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LED-LENSER V2 FLASHLIGHT



LED-Lenser V2 LED Power Chip Flashlight, retail $49.95-$60.00 (www.ledlenser.com/V2-1-watt-led-flashlight.html)
Manufactured by Zweibruder Opto-Electronics (LED Lenser) (www.ledlenser.com)
Last updated 07-04-04





The V2 Power Chip is a heavy, predominantly aluminum flashlight that features a bright 1.2 watt Luxeon Star LED and a Fraen 10 acrylic optic.
The V2 feeds from three N cells, which although can be expensive or hard to find in some areas, should be reasonably inexpensive and readily available in most areas.


 SIZE



I do not know how the V2 comes packaged, so I guess I won't be very helpful in that regard.

Once you have it out of the package and have the batteries loaded (see below), the V2 ought to be ready to go. Press the black rubber button on the side of the barrel firmly and then release it to turn the V2 on, and press & release it the same way again to turn the V2 off.

For momentary (signalling) mode, press the button more lightly, and hold it in for as long as you need light. Let the button go to plunge yourself back into darkness.

The V2 comes with a nylon belt holster; however, since I do not own or use pants that require a belt, I cannot test it in the way in which it was intended.
The flashlight fits in the holster bezel (head) up, and has a Velcro flap that closes over the top, preventing the flashlight from unintentionally falling out



To change the batteries in your V2, unscrew & remove the tailcap and throw it away...O WAIT, YOU'LL NEED THAT!!! So just set it aside instead. ;-)
Tip the barrel in your hand so the three depleted N cells come out, and dispose of or recycle them as you see fit. Insert three new N cells in the barrel, button (+) end first. The last cell will stick out of the barrel somewhat; this is normal and should be ignored. Screw the tailcap back on, and be done with it. Aren't you glad you didn't discard that tailcap now? ;-)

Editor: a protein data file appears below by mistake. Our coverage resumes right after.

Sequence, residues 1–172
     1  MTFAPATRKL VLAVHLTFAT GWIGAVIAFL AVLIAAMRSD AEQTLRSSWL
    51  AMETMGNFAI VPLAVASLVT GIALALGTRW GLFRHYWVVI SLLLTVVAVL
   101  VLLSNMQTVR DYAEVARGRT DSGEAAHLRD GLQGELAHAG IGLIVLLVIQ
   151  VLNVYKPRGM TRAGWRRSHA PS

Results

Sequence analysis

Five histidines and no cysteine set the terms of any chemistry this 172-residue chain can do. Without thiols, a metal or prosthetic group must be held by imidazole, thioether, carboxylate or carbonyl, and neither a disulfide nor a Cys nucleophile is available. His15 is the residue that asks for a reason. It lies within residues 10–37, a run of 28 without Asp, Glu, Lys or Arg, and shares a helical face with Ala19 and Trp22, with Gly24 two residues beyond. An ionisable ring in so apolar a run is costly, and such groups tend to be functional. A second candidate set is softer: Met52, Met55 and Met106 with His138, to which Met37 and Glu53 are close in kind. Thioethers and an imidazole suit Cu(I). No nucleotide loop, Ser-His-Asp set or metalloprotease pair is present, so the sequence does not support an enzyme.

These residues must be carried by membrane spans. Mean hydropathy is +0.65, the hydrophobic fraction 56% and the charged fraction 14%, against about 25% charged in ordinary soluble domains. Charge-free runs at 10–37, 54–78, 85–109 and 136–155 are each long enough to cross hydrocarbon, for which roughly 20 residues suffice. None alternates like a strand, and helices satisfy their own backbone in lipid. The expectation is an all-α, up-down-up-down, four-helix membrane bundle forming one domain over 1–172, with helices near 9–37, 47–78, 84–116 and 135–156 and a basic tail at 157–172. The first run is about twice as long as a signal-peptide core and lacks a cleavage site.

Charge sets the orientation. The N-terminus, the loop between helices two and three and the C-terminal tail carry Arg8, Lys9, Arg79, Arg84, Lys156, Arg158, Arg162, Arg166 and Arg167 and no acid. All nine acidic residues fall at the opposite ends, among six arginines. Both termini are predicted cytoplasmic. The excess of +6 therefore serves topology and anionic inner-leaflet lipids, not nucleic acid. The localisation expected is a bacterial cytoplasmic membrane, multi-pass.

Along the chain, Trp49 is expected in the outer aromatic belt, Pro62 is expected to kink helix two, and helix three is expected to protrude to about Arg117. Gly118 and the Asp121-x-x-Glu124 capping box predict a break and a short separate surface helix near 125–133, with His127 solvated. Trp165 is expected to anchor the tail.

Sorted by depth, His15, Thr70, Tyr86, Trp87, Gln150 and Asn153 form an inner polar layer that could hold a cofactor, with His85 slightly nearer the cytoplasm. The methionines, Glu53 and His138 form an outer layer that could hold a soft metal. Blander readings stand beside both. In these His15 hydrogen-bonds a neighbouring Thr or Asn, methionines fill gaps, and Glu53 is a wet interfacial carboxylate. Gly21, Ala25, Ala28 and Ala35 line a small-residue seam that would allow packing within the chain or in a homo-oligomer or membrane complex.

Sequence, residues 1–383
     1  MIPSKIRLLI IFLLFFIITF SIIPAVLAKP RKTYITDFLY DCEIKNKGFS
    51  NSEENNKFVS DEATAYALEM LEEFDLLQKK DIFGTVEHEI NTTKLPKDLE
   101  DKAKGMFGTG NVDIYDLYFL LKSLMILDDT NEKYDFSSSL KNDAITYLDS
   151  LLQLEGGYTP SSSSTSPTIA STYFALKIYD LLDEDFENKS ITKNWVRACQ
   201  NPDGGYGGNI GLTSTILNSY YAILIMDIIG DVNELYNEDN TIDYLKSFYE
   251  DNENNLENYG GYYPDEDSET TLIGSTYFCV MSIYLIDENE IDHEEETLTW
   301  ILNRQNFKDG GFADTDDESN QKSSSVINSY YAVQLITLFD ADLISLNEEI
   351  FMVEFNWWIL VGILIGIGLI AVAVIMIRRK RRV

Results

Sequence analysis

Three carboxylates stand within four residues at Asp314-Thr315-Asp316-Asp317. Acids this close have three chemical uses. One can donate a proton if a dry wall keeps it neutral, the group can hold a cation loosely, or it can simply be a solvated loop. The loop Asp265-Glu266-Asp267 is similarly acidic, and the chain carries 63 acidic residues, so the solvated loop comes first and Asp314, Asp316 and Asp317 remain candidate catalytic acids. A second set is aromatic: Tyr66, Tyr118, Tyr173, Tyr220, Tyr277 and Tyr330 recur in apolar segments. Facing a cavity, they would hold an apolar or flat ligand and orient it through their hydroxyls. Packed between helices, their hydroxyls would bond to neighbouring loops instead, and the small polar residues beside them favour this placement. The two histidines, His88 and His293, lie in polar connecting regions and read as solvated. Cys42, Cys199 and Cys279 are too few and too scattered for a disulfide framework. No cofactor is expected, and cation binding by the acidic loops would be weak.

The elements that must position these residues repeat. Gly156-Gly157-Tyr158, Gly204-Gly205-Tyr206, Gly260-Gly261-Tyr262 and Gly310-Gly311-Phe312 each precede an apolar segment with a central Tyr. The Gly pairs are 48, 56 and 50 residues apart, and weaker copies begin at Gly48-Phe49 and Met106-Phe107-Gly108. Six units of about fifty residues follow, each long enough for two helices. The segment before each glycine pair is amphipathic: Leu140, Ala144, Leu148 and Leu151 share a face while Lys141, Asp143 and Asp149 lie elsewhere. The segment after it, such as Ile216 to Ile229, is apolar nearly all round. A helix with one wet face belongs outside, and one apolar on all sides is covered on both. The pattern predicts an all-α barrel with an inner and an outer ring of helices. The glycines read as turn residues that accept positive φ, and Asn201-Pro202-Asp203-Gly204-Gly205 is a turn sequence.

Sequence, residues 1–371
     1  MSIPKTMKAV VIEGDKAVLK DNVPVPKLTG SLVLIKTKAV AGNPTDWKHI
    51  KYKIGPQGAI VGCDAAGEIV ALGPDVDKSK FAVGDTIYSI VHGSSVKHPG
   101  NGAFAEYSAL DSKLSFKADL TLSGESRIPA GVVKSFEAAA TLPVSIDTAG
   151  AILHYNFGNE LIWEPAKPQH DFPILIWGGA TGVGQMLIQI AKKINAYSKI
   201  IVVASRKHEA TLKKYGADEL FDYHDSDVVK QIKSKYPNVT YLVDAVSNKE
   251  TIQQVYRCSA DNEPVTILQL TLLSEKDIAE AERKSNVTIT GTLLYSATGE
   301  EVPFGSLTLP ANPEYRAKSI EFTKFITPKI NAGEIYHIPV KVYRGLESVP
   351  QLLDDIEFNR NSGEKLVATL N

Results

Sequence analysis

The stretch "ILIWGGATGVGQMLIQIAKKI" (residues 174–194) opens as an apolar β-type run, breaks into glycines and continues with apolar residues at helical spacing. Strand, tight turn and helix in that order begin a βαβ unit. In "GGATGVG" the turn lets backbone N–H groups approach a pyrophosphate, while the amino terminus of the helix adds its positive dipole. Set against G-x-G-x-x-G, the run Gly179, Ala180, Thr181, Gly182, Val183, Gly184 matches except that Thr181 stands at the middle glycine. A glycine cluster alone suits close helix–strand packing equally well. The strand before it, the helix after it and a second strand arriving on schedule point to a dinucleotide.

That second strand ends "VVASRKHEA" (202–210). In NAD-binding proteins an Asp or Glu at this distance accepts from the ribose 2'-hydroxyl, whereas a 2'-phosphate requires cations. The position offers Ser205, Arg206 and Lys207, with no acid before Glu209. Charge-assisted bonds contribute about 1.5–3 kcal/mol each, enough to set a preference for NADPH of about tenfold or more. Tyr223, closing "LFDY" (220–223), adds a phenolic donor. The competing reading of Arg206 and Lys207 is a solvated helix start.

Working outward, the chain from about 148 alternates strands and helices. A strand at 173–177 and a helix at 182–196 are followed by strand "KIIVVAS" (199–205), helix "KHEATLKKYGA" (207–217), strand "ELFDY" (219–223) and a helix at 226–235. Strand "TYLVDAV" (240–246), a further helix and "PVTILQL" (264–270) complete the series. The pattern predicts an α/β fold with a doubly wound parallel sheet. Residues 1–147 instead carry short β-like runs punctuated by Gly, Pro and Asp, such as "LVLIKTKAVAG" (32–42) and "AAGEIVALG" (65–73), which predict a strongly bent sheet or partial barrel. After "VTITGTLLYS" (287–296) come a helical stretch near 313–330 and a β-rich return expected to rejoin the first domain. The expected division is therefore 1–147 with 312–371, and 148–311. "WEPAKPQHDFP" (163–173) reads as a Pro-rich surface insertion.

The flashlight also unscrews just below the switch, but it's a bit of a pain in the toilet muscle to get it back together with batteries installed if you unscrew it here. If this is how you choose to do it though, insert the three new N cells flat (-) end first (toward the tailcap), and then screw the head back on.

There is what I believe is a spare switch rubber in the tailcap, behind the spring. It's the little black thing back there. If the one on the barrel somehow comes off and becomes lost, the spare is right there where you need it. You may need a pen or something to remove the gold-colored spring and the switch rubber from the tailcap, as they seem to be in there pretty well.

Current consumption was measured at 235mA on the included batteries, which may have had at least several minutes of prior usage.

Battery life is advertised at 100 hours. I'll run this flashlight through my computerised battery destroying satanic robot death machine sometime during the next day or so if I can get the computer hosting that equipment to work properly (the mouse does not work).